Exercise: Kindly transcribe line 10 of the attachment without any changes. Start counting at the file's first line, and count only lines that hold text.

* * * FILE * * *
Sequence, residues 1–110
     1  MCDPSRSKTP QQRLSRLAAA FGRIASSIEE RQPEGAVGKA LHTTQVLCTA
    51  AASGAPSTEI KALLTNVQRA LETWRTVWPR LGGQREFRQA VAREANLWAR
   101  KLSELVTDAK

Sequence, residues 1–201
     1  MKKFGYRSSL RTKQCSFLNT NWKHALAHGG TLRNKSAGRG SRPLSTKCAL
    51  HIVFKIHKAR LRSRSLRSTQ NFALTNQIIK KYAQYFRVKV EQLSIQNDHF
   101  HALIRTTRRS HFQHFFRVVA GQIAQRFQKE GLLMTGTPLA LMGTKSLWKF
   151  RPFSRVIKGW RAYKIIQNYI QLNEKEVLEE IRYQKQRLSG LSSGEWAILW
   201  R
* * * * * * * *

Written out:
   201  R